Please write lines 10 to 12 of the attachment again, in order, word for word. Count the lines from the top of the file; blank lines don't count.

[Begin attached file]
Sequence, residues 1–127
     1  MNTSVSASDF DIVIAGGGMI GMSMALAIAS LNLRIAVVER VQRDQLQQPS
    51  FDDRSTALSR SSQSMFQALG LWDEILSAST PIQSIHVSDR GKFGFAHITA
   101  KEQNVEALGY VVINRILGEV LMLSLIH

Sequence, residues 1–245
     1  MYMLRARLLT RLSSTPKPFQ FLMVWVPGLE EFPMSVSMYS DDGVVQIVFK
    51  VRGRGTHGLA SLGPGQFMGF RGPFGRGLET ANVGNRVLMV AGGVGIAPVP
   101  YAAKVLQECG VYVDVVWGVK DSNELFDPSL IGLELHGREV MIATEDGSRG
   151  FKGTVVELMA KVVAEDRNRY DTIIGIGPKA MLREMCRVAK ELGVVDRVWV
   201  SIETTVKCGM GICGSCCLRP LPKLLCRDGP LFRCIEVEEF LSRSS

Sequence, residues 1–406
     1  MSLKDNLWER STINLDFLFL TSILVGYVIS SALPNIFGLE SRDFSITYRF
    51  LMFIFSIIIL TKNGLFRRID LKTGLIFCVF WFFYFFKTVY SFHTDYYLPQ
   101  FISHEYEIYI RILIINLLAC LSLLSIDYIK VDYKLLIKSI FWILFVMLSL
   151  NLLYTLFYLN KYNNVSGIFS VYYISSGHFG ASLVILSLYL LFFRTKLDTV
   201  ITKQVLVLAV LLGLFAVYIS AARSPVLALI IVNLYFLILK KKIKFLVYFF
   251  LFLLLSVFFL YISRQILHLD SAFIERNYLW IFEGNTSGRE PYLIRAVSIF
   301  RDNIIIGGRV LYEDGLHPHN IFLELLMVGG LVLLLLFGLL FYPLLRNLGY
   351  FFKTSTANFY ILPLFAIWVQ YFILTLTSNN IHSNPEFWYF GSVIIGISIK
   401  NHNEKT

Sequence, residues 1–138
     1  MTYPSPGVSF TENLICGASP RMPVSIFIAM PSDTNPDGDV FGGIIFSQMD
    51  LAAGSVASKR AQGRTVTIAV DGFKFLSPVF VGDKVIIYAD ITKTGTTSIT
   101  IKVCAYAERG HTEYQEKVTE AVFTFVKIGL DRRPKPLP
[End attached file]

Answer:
   201  SIETTVKCGM GICGSCCLRP LPKLLCRDGP LFRCIEVEEF LSRSS

Sequence, residues 1–406
     1  MSLKDNLWER STINLDFLFL TSILVGYVIS SALPNIFGLE SRDFSITYRF